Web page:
Zimbabwe’s Zanu PF simply fostering one party state


Marshall Shonhai 

Vladimir Lenin once said: “The best way to control the opposition is to lead it ourselves”
literally “putting the lid on the opposition” as he stated at the tenth congress of his party, the Bolsheviks in 1921.

Ladies and gentlemen, it is indeed true that history repeats itself and in present-day Zimbabwe, we are witnessing an attempt by the Harare regime to revive a new version of Leninism. A political theory that proposes the establishment of a dictatorship led by a revolutionary vanguard party as the political prelude to the establishment of socialism. In Zimbabwe’s context though, socialism is replaced by blatant corruption and cronyism.

Zanu PF is back at pursuing one of its founding ideologies, the creation of a one-party state. This time with a new twist to it. Zanu PF knows that it can not totally get rid of opposition politics, remember, we are on paper supposed to be a multi-party democracy. To give a front of constitutionalism and democracy, there must exist an opposition political party that sanitises the sham of a republic that Zimbabwe is.

Zanu PF needs a political outfit that does not threaten it’s existence and the MDC Alliance in its current form is a threat to Zanu PF’s existence. So, what to do?

What we are witnessing before us is the creation of or an attempt to create what is called a CONTROLLED OPPOSITION.

What is the purpose of a controlled opposition? According to James McClurg, controlled oppositions exist to: “Give the public the false illusion of choice by presenting a political party or organisation that superficially speaks to the desires or frustrations of the people but whose actions do not further the stated goals of the organisation
• Disinformation or deception of the masses. Steering the masses in the wrong direction or misdirect their energies, beliefs and actions
• Unmask and monitor the true opposition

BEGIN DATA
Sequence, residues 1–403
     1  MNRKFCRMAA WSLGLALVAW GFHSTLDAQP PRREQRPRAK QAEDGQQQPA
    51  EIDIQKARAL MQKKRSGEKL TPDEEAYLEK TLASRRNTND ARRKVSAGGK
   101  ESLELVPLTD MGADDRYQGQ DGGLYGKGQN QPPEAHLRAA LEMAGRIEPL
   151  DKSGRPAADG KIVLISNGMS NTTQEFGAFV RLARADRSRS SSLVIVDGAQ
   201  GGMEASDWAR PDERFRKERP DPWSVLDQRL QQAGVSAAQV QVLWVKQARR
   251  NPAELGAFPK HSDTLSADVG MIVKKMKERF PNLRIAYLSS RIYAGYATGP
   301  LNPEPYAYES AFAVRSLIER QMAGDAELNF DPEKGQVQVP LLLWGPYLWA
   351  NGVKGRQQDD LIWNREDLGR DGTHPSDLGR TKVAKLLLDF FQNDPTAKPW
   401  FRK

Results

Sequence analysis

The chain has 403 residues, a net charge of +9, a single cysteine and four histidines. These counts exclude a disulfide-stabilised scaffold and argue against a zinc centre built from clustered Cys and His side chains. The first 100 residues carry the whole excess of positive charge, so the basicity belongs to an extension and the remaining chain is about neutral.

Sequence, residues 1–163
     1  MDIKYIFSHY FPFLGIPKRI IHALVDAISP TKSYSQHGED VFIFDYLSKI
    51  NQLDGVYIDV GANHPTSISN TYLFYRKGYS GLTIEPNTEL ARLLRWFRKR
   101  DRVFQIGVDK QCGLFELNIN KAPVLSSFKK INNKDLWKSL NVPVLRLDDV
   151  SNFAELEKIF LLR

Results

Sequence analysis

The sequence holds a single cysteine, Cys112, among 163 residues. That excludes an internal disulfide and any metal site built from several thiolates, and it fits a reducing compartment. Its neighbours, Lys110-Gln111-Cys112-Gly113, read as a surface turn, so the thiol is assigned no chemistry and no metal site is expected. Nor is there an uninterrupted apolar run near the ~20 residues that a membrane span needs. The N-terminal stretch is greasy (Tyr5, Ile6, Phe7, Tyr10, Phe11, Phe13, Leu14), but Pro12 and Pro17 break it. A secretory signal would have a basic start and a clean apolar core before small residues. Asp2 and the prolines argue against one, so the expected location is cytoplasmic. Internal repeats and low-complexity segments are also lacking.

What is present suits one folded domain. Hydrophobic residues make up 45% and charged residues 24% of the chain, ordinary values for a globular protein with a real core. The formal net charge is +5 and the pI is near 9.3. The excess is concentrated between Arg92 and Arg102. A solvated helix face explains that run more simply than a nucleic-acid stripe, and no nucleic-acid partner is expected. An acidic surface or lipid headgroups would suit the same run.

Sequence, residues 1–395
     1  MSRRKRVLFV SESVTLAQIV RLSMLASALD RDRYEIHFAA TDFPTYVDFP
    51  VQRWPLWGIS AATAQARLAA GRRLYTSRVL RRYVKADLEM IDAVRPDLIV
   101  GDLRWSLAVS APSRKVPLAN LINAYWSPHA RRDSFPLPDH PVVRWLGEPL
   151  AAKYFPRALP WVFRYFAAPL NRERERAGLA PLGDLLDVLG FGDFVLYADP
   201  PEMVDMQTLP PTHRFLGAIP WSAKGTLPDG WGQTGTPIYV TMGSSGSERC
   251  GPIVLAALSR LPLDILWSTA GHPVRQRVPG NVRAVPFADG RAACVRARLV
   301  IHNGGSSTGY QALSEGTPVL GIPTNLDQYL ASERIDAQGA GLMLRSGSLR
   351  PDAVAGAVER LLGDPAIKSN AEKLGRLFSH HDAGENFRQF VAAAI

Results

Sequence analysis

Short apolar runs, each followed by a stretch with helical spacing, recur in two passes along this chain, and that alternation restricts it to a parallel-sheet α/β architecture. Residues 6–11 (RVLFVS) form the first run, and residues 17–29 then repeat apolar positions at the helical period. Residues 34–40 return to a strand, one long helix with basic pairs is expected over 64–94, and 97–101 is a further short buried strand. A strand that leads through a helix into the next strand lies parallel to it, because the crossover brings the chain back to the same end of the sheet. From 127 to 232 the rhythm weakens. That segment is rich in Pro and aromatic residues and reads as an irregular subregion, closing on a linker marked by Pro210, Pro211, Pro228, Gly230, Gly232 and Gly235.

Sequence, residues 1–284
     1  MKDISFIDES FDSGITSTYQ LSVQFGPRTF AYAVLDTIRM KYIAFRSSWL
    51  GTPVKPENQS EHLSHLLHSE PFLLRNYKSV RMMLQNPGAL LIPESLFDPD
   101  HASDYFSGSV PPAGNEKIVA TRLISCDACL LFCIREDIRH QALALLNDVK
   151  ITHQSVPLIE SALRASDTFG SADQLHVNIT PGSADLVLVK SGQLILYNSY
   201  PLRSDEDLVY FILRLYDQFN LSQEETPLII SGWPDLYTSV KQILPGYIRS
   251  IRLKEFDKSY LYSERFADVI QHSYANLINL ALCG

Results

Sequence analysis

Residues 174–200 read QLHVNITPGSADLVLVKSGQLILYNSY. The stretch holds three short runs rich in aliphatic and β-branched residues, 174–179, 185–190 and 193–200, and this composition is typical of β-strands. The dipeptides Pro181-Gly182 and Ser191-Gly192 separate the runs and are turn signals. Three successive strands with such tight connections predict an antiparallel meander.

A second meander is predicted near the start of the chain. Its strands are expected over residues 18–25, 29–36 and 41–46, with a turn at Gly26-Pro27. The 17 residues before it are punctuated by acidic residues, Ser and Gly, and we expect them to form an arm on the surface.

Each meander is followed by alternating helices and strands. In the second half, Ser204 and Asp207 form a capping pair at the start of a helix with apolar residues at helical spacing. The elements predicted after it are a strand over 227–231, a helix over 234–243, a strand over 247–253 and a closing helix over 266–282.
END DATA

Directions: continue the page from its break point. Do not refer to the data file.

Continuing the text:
• Create a chaotic and divisive environment in which the opposition cannot band together and there is general mistrust thereby ensuring that an organized opposition with clear goals and priorities never manifests
• Act in such a way that superficially appears to benefit the opposition, but in truth furthers the ends of the controlling party.”

McClurg goes on to say: “The strategy of controlled opposition works best under circumstances in which the masses are gullible, credulous, lack critical thinking and are unable to connect the dots and see how the actions/inaction or manipulation of information from the controlled entity benefit the controlling entity.”

By definition, a controlled opposition is a protest movement that is actually being led by government agents. This is normally done covertly but in Harare, it is being done openly. Zanu PF is desperately trying to create its own opposition in the weak MDC led by Thokozani Khupe, Douglas Mwonzora and Morgan Komichi among others.

Thursday night’s events where the Zimbabwe National Army and the Zimbabwe Republic Police helped the Khupe faction seize the control and occupancy of the MDC Alliance Morgan Richard Tsvangirayi House, formerly Harvest House, is a clear testament that Zanu PF will not rest until all forms of opposition to the Military regime in Harare is crushed!

But how did Zanu PF end up in the middle of this power struggle?

The MDC’s love for resolving its internal struggles in the courts has been its downfall. How on earth these Cdes expect fairness and impartiality in a Zanu PF captured, run and owned legal system boggles the mind. What result do you expect when you approach your enemy to arbitrate your internal disputes? It would be foolish of Zanu PF not to take advantage of such a situation.

It was only a matter of time before the court challenges and counter applications were going to come home to roost. And boy, home have they come! In a March 31, 2020, ruling, the Supreme Court ordered the party to hold an extraordinary congress to elect Tsvangirai’s successor using the 2014 structures. What has followed is a domino’s effect, first the recalling from the parliament of four elected Members of Parliament by 2014 Secretary-General Mwonzora, which parliament through speaker Jacob Mudenda quickly enforced. The ruling by the High Court that MDC Alliance is not a juristic person, Justice Chitapi ruled that the MDC Alliance cannot sue or be sued and as a result, their case had no legal standing. Then came the “firing” of Chamisa by Khupe from the party and last night’s take over of the party headquarters.

MDC has played into Zanu PF’s hands and they have done so two ways.

The struggle is that MDC is full of lawyers and Advocates, so every problem or dispute must be resolved legally. Yet some are mere political disputes and they need political resolutions, not litigation. There is what I call one way thinking operating in the MDC. When will these Cdes realise that there will be no respite for opposition parties in Zanu PF courts? It is about time the MDC A has a rethink to its strategies.